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Cone Health's 100th coronavirus patient heads home from hospital

Luis Teodoro was greeted by cheering medical staff at Cone Health's Green Valley campus when he walked through the building's front doors.

GREENSBORO, N.C. — Triad hospitals are celebrating as more of their coronavirus patients head home.

Cone Health sent home its 100th coronavirus patient with a celebration Wednesday.

Luis Teodoro was greeted by cheering medical staff at Cone Health's Green Valley campus when he walked through the building's front doors.

He stood up from his wheelchair and took his first steps outside the hospital. The staff played the 'Rocky' theme song as he walked to the car, but it was hard to hear over the loud cheers and well wishes.

He and his medical team worked hard to get to that point.

"He had gone through quite an experience getting through his illness," said Chief Nursing Officer at Cone Health Green Valley campus Waqiah Ellis. "We were very excited to see him get into his car and drive off with his family because we know that things could have easily gone the other way."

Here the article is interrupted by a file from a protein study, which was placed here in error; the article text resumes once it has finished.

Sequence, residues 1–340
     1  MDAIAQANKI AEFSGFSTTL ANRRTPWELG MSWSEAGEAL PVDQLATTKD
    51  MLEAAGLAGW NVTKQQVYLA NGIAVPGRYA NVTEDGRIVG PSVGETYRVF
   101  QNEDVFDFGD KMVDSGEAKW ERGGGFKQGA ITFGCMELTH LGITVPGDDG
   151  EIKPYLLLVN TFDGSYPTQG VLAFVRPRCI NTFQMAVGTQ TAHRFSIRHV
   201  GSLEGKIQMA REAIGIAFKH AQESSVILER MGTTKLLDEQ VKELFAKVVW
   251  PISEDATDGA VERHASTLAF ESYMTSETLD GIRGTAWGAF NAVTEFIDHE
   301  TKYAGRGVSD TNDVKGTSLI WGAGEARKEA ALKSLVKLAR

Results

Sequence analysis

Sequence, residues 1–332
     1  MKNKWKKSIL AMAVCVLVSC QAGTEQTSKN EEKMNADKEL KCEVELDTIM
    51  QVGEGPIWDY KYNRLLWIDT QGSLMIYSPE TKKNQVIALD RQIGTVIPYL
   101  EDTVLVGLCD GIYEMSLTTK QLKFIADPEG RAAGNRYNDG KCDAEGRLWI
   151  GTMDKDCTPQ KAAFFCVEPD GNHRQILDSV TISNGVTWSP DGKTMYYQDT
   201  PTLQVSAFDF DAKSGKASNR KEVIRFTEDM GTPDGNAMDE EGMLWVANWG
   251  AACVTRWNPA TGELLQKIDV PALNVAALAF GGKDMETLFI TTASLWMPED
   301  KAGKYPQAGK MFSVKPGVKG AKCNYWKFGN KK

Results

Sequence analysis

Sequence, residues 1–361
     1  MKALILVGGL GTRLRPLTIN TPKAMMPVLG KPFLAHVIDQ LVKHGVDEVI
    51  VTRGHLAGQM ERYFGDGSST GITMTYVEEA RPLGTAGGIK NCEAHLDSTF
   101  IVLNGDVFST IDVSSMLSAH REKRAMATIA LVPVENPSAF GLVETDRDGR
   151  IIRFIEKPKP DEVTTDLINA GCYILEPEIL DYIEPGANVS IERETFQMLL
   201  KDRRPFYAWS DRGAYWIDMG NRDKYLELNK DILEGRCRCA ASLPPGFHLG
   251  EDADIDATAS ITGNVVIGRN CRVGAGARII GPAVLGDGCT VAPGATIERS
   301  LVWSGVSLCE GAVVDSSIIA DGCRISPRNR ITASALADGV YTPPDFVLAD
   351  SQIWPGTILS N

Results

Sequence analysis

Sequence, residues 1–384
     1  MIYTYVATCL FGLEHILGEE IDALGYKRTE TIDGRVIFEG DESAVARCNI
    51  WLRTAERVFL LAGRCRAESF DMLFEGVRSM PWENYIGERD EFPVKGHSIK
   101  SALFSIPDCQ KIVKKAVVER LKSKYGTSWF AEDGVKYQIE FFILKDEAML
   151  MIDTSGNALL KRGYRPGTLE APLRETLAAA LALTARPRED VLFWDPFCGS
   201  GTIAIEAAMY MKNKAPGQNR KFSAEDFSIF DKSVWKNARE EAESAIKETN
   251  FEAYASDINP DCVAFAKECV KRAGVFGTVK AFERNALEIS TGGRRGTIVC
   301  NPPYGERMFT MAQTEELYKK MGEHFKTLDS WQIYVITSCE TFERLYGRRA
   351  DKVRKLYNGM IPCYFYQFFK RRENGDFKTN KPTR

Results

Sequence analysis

In Rockingham County, UNC Rockingham Health Care held a similar celebration for their first patient to recover Tuesday. 

Robin Barber spent 22 days fighting the virus at the hospital in isolation. 

"I cried and I was so thankful that I had a mask on because cries are usually ugly," said Barber. "It was wonderful. It, it was a humbling experience is what it was."

Both Barber and Teodoro will continue their recoveries at home. Ellis said Cone Health encourages recovering patients to continue to self-isolate after returning home.

Barber said her doctors expect her to stay on oxygen the whole summer.

"When I walked out that door yesterday I didn't leave everything there. It still followed me home. It will affect me, it will affect my husband, it will affect everything in my household," said Barber.

She said paying for home health care, prescriptions and the oxygen are adding up already. She said their stimulus checks will go to paying for all of those parts of her care.

Barber's return home comes as the state prepares to enter phase one of the state's reopening plan. She fears people aren't taking the virus seriously enough.

"This is life-threatening. Had I waited one more day [to go to the hospital], I would not have been able to make that walk to come out of that hospital," said Barber.

She urges people to continue to social distance.

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